They've been kicking around the Penh for more than a decade scoring up risqué pantomimes, and now the Phnom Penh Players are back with another cross-dressing, slapstick performance.
Their 15th annual production Cinderella’s Hard Day’s Night will be performed at the Russian Cultural Centre on December 9 and 10.
The Phnom Penh Players are a group of long and short-term expatriates who produce comical pantomimes to raise funds for NGOs involved in Cambodian arts.
“This is the classic Cinderella fairy tale with a Phnom Penh twist,” pantomime director and co-writer Zac Kendall said.
Cinderella is a down-trodden girl who dreams of meeting Prince Charming while she slaves away in factories and is thwarted by her three ugly step-sisters.
“Her Lakeside district is about to be bulldozed and just when things appear most grim, she is invited to the Prince’s birthday party, and….well I’ve told you too much already,” Kendall said.
The name of the pantomime gives a hint to its musical theme. It features hit music from ‘60’s rock band The Beatles.
“I’m a huge Beatles fan, and their music is perfect for a pantomime, as there is a song for every occasion,” Kendall said.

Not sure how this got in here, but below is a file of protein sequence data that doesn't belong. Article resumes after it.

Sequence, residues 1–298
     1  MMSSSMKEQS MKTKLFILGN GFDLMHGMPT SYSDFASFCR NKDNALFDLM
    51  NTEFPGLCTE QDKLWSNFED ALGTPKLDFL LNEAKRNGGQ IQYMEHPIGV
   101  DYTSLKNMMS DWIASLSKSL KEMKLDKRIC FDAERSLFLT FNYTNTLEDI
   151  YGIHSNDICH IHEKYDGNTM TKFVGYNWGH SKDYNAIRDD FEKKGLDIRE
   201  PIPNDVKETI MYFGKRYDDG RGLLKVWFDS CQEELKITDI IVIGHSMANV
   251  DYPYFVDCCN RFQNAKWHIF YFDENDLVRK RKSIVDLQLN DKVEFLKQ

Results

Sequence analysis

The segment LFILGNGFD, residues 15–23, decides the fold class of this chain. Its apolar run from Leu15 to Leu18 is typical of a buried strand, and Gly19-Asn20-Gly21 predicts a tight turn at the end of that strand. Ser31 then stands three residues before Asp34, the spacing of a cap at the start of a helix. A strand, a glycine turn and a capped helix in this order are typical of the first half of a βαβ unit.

Hard Day’s Night is the name of a Beatles song and with lyrics like, “It’s been a hard day’s night and I’ve been working like a dog……You know I work all day to get you money to buy you things”, it’s a good fit for Cinderella’s situation.
Kendall co-wrote the pantomime with English expat Claire Barker.
“Many young women here in Cambodia are in the same situation as Cinderella, they slave away for lazy family members and multinational corporations,” Barker said.
Mark Twine, who plays one of Cinderella’s evil step sisters, said “No one has adequately explained why an Aussie man wearing a wig and a dress is best placed to play Cinderella’s mean step-sister, but I’m not complaining. It’s the most fun you can have in high heels.”
Cinderella is played by English actress Kate Lewis.
“Cinderella may seem to be a bit drippy, waiting around to be discovered by a prince, but my character has a bit more to her than that,” Lewis said.
All the proceeds from the pantomime will go to Epic Arts in Kampot, a group that teaches visual arts, drama, music and dance to handicapped people.
The show is at 7.30pm each night and a matinee performance is scheduled for 1pm on December 10. Tickets are $10, and are available at The Willow, #1 St 21.